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[273] liberties of those who might become inhabitants of
Chap VIII.} 1620
the colony; they were to be ruled, without their own consent, by the corporation in England. The patent favored only the cupidity of the proprietors, and possessed all the worst features of a commercial monopoly A royal proclamation was soon issued, enforcing its provisions; and a revenue was already considered certain from an onerous duty on all tonnage employed in the American fisheries.1 The re suits which grew out of the concession of this charter, form a new proof, if any were wanting, of that mysterious connection of events by which Providence leads to ends that human councils had not conceived. The patent left the emigrants at the mercy of the unrestrained power of the corporation; and it was under concessions from that plenary power, confirmed, indeed, by the English monarch, that institutions the most favorable to colonial liberty were established. The patent yielded every thing to the avarice of the corporation; the very extent of the grant rendered it of little value. The jealousy of the English nation, incensed at the concession of vast monopolies by the exercise of the royal prerogative, immediately prompted the house of commons to question the validity of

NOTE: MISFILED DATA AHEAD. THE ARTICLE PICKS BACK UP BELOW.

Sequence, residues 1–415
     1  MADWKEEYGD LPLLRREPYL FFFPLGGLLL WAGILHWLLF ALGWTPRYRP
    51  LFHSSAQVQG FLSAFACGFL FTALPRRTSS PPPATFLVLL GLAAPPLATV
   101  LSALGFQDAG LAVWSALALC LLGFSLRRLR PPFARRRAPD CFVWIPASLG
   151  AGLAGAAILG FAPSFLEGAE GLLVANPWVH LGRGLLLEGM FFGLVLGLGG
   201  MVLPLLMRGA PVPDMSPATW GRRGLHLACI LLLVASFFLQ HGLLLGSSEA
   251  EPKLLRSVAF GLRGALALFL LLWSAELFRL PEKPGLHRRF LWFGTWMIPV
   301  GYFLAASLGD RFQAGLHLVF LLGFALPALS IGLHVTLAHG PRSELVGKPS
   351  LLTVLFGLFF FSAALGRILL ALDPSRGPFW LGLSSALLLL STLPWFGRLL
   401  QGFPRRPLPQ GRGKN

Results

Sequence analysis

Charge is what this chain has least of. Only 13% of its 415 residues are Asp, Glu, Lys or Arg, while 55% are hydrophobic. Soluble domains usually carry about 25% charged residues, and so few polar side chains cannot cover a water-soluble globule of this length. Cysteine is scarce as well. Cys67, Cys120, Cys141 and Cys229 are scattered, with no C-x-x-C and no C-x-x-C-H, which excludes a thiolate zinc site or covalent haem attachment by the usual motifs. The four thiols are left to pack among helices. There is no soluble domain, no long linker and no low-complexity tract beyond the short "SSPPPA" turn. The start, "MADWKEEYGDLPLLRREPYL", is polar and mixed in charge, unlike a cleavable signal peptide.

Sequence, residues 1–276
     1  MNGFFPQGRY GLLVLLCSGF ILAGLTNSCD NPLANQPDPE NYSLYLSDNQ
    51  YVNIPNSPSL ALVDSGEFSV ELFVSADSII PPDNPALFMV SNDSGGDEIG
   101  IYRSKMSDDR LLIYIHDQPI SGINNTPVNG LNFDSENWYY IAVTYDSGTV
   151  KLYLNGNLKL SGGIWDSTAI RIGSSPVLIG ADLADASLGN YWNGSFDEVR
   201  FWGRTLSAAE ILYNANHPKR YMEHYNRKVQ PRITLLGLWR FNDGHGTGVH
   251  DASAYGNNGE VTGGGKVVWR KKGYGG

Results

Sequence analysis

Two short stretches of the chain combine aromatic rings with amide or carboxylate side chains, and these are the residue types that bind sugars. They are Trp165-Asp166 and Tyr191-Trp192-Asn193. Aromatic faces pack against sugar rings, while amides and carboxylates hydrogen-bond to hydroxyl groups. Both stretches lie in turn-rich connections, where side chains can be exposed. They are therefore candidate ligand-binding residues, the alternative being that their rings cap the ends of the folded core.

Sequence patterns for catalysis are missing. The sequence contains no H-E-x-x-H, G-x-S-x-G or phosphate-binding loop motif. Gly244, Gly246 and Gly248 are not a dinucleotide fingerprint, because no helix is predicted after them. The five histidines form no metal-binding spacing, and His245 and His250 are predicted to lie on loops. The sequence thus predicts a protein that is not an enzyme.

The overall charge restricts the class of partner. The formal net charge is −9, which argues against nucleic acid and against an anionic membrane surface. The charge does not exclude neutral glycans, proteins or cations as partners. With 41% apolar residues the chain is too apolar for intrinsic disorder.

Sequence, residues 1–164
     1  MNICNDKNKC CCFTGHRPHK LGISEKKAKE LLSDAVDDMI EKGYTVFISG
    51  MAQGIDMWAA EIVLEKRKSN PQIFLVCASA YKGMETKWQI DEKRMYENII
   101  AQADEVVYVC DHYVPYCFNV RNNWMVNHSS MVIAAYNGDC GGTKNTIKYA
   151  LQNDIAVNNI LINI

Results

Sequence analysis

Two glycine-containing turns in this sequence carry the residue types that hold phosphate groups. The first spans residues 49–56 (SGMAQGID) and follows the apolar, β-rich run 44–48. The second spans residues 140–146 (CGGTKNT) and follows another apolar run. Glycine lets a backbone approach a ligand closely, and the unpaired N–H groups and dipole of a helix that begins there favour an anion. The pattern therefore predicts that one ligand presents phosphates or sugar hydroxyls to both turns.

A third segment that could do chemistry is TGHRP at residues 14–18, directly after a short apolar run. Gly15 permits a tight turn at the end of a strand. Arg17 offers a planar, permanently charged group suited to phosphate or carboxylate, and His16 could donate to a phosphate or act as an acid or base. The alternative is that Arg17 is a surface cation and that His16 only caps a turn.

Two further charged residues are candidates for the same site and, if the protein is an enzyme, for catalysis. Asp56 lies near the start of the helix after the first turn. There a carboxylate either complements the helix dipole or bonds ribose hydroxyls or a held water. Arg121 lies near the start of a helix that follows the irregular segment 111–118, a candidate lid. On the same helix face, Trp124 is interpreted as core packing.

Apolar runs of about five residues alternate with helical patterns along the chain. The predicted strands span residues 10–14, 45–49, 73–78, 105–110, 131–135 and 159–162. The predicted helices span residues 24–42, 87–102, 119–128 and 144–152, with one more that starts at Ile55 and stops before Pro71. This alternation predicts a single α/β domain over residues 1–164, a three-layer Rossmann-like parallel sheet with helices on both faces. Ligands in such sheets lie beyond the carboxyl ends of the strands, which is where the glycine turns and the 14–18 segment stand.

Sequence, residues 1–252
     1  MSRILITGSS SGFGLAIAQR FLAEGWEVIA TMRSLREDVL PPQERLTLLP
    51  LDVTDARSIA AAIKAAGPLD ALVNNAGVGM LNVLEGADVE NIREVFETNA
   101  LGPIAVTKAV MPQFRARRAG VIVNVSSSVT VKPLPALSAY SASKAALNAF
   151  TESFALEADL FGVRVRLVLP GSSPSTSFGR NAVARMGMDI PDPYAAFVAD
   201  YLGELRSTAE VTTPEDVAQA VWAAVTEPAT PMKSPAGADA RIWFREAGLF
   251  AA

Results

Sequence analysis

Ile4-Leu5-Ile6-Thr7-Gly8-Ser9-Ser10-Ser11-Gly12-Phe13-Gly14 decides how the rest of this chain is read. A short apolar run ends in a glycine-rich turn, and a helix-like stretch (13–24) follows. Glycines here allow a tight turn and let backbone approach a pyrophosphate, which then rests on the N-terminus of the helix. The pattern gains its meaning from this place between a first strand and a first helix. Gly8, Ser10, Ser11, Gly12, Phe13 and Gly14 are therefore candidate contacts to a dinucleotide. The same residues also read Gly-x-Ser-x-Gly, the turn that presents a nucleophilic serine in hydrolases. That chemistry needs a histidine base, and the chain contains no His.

1621 April 25.
the grant;2 and the French nation, whose traders had been annually sending home rich freights of furs, while the English were disputing about charters and commissions, derided the tardy action of the British monarch in bestowing lands and privileges, which their own sovereign, seventeen years before, had appropriated.3 The patent was designed to hasten plantations,

1 Smith, in III. Mass. Hist. Coll. III. 32. Smith, II. 263.

2 Chalmers, 100—102. Parliamentary Debates, 1620-1, i. 260, 318, 319.

3 III. Mass. Hist. Coll. III. 20.

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